Haynes and Boone obtained the first ruling in the state in which a federal court declared the Texas anti-SLAPP statute a substantive right to be applied in federal court. The case, pending in the Southern District of Texas - Corpus Christi Division - involved a local television station's investigative series about a high school teacher and coach who had been accused of improper behavior with students and other improper acts for more than a decade and was permitted to move from school district to school district without having his teacher certification revoked. The court granted the station’s anti-SLAPP motion and requested a hearing on fees and costs.
Susan Delgado v. Carol Alvarado, Case No. 2014-10592, 234th Dist. Court, Harris County, Texas
Represented Texas State Representative Carol Alvarado whose former political opponent sued her for $1.5 million, for a variety of claims related to her political campaign's website and social media communication, but for which there was no private cause of action. We filed a motion to dismiss under Texas' Anti-SLAPP statute and set a hearing for two weeks later. The plaintiff, after threatening to amend her petition to include more claims, non-suited with prejudice the morning of the hearing on the motion to dismiss. We went forward with the hearing and obtained a ruling in favor of our client for the full amount of her attorneys' fees and expenses related to disposing of the lawsuit, approximately $11,000.
Brandon Darby, Appellant v. The New York Times Company and James C. McKinley, Jr.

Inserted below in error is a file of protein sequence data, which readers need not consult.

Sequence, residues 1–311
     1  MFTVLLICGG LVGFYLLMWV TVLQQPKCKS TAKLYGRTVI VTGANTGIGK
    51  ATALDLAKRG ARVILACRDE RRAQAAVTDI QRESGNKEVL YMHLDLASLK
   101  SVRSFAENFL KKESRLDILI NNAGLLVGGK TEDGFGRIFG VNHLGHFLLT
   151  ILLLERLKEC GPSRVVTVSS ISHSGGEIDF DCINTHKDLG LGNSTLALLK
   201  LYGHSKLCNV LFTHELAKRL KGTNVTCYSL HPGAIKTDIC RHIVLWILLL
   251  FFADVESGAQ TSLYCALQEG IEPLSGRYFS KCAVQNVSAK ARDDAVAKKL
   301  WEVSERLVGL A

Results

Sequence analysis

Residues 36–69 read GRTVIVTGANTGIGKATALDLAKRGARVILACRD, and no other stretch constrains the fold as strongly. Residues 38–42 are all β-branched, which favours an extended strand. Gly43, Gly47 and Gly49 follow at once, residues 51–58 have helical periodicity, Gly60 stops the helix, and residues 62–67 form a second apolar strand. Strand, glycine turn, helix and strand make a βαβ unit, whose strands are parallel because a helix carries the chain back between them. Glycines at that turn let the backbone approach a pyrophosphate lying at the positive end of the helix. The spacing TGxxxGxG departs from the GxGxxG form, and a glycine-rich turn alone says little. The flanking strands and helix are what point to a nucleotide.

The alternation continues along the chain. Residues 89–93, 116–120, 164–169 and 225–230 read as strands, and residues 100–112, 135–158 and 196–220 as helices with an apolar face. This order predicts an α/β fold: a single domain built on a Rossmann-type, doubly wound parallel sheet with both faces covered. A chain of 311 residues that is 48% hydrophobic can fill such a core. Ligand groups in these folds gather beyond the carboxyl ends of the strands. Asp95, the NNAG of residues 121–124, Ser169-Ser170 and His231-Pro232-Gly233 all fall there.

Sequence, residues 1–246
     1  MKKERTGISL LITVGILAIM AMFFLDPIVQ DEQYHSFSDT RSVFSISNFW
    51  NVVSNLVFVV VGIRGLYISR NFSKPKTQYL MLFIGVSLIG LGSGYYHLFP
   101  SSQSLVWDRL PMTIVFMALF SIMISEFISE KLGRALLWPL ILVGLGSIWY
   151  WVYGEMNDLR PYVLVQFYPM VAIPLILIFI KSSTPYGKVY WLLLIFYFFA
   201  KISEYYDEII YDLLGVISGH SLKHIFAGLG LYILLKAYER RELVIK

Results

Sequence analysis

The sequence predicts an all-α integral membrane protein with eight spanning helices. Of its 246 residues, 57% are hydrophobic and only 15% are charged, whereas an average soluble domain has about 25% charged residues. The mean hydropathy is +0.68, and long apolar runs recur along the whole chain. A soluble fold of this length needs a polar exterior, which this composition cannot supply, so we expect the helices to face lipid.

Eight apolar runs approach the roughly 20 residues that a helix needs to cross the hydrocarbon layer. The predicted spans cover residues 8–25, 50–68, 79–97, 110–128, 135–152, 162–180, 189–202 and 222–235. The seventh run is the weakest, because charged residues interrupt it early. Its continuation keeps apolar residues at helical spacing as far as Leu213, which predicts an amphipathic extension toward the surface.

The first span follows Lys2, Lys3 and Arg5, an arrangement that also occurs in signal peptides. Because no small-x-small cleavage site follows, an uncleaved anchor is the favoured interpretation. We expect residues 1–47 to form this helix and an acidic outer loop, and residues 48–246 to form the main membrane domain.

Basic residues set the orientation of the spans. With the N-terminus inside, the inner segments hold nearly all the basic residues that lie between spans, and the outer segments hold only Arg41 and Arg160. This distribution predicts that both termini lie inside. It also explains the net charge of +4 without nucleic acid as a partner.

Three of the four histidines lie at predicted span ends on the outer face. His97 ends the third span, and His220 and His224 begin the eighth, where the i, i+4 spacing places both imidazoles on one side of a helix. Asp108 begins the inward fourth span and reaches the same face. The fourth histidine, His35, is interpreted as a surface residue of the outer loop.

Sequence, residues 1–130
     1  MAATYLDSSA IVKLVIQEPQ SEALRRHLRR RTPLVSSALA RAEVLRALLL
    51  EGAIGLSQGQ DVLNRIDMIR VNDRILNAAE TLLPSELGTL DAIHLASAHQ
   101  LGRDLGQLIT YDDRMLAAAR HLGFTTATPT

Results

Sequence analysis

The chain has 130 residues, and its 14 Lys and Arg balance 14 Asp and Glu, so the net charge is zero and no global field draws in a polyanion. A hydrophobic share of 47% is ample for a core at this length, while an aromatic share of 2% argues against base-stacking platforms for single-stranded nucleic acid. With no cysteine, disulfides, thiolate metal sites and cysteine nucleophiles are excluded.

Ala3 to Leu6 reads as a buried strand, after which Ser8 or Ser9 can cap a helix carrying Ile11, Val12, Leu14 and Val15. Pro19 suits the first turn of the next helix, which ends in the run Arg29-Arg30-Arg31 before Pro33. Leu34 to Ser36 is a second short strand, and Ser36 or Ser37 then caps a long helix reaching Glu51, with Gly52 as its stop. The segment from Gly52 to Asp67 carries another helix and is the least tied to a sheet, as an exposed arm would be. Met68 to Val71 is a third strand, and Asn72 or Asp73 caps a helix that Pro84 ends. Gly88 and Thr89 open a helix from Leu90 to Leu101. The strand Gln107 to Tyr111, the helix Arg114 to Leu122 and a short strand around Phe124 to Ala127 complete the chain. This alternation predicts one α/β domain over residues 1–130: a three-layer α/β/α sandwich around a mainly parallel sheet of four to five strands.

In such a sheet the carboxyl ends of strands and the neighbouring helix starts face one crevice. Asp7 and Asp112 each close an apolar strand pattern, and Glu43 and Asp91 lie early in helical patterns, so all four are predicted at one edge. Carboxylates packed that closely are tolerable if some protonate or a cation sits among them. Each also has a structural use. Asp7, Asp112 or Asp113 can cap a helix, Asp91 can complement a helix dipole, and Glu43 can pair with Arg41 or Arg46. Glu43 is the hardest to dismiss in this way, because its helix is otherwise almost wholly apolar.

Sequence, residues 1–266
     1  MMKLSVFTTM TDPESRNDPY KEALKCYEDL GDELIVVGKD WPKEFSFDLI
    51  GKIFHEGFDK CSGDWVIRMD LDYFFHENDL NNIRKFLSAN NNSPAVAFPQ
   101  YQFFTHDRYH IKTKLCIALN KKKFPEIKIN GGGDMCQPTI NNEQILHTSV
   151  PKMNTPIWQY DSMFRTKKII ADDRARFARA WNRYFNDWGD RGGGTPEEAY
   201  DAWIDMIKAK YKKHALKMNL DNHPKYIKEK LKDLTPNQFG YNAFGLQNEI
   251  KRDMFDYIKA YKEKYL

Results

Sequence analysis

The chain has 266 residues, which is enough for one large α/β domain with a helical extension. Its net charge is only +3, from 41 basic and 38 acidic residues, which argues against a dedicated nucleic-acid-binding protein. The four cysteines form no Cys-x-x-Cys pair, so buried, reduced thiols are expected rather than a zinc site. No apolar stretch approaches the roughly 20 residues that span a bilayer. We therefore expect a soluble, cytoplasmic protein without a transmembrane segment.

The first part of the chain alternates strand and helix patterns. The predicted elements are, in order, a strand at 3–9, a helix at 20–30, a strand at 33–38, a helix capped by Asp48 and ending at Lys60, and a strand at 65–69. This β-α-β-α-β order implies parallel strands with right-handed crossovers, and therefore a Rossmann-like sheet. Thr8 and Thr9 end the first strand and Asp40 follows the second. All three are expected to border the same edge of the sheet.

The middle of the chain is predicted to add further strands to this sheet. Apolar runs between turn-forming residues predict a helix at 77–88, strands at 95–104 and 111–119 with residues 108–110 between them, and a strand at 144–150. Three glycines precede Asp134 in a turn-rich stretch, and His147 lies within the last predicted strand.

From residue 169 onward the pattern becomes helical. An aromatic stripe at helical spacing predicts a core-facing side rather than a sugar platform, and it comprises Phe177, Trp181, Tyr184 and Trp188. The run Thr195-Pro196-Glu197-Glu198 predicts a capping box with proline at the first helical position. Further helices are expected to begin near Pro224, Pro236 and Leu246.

Successfully defended the appeal of a defamation summary judgment ruling in our clients' favor after plaintiff, a former activist and FBI informant, sued our clients, The New York Times
and one of its reporters, for $187 million dollars for an article written about an arson at the Texas Governor’s Mansion that mentioned the plaintiff’s relationship, as an FBI undercover informant, to two activists who were convicted for their actions at the 2008 Republican National Convention. We filed a motion for summary judgment asserting the statements made were not capable of a defamatory meaning, were true or substantially true, and privileged and that plaintiff was a public figure and could not establish actual malice. After a hearing on our motion for summary judgment, and before any depositions had been taken, the court granted defendants’ motion and dismissed the case in its entirety. The plaintiff appealed and the Court of Appeals for the Seventh District of Texas at Amarillo affirmed on the grounds of actual malice.
Steven Busti v. Platinum Studios, Scott Mitchell Rosenberg; Universal Studios, Inc., d/b/a Universal Pictures; and Dreamworks II Distribution Co., LLC, Cause No. A-11-CA-1029-SS (W.D. Texas), appeal at No. 13-50938 (5th Cir. 2013)
Plaintiff claimed that Cowboys and Aliens (the film and graphic novel) violated the copyright of his eleven-page comic of the same name, which he self-published in 1994. After we filed a motion for summary judgment on behalf of the defendants, the court awarded summary judgment in their favor, finding there was independent creation, no access, no factual copying, and no substantial similarity. After appealing to the U.S. Court of Appeals, Fifth Circuit, Plaintiff dropped his appeal.